San Diego DUI criminal defense lawyers make 1118.1 motions in drunk driving cases where the officer did not see or prove the “driving” (a key element of DUI).
Always object to the “corpus”:
In People v Alvarez (2002) 27 Cal.4lh 1161, the California Supreme
Court held Cal. Const, art. I, § 28(d), abrogated the corpus delicti
rule, requiring proof that a crime was committed independent of the
defendant’s extrajudicial statements, only to the extent that the rule
prohibited the admission of such statements without such independent
proof. Section 28(d) did not abrogate that portion of the corpus delicti
rule requiring that defendant’s conviction be supported by proof
independent of his extrajudicial statements. The rule was that, before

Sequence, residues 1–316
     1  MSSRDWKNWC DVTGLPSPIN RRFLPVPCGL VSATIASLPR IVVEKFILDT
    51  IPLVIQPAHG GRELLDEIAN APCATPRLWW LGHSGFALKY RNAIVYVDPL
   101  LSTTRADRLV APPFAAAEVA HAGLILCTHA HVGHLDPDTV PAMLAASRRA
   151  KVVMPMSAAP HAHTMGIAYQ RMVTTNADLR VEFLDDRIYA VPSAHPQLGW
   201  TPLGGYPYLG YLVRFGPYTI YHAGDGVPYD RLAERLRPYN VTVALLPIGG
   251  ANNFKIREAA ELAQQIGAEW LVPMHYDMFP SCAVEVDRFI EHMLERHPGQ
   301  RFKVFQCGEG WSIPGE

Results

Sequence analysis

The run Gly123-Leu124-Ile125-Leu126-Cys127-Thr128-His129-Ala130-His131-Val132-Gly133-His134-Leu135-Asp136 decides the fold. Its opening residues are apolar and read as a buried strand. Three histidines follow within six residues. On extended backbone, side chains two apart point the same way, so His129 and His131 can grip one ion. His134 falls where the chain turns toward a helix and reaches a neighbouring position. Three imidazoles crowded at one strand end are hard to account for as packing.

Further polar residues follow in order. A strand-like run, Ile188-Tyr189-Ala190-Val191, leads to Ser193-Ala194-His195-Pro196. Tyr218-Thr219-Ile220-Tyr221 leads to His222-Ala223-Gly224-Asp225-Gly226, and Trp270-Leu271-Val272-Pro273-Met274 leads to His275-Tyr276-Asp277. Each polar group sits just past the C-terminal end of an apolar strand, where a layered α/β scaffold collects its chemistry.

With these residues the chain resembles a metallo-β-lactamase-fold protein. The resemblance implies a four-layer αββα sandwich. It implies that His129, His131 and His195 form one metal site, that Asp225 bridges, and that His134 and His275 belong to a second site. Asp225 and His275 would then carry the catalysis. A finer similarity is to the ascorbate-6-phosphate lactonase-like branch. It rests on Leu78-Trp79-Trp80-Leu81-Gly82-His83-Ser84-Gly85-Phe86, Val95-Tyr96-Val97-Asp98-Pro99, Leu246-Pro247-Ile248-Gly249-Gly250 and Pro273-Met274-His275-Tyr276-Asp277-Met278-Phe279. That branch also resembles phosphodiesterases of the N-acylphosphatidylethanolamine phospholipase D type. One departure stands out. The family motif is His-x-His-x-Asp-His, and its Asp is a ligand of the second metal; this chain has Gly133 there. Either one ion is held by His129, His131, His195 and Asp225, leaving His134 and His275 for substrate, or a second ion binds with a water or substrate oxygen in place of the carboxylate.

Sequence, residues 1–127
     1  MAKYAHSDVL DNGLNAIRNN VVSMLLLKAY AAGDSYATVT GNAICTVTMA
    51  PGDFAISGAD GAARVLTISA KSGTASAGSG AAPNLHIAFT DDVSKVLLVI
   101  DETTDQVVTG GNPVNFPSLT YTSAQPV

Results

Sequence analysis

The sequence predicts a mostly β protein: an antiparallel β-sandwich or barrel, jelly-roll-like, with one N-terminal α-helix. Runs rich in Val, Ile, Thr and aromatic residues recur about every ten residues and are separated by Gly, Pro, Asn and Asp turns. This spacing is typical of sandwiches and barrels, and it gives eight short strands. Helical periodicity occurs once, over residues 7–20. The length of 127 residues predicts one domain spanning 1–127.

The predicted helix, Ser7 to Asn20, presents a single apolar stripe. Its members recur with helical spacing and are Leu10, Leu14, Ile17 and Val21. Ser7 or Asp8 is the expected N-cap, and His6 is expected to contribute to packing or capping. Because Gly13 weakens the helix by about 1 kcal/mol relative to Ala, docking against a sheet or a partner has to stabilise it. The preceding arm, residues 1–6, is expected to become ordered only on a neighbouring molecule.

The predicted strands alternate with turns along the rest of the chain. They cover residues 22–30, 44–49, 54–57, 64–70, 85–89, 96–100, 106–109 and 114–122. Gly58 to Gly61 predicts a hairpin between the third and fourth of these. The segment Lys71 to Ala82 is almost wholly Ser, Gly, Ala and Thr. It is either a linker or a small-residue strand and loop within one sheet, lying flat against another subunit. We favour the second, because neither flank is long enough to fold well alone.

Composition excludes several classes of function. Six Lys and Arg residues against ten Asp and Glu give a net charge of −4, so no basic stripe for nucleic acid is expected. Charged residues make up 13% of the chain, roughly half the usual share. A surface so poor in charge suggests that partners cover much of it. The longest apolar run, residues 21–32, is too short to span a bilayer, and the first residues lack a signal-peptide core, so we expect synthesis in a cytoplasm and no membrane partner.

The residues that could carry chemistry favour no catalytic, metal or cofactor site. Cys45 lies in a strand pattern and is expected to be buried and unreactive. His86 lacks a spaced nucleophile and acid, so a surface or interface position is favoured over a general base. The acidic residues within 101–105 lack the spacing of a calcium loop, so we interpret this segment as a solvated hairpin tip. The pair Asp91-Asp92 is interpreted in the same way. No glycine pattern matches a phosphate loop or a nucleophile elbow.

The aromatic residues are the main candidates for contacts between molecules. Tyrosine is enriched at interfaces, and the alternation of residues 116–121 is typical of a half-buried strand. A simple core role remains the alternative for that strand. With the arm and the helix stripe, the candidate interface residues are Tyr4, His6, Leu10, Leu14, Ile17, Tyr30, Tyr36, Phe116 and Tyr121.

any confession or admission could be admitted into evidence, the
prosecution needed to make a prima facie showing of the corpus delicti,
i.e., the elements of the crime. (See generally, CALJIC 2.72, People v.
Brucker (1983) 148 Cal.App.3d 230.) Alvarez however left open the
application of the sufficiency corpus rules to prelims.
Rayyis v. Superior Court (2005) 133 Cal. App. 4m 138, was the first
post-Alvarez case to address the corpus rule at prelims. In Rayyis, the
court found that there was nothing left of the admissibility portion of
the corpus rule: i.e. the DA can present your client’s confession
without ever presenting any evidence of the corpus of an offense, but
ruled that a confession alone was not sufficient to hold a def. to
answer. Thus the sufficiency aspect of the corpus rule does apply at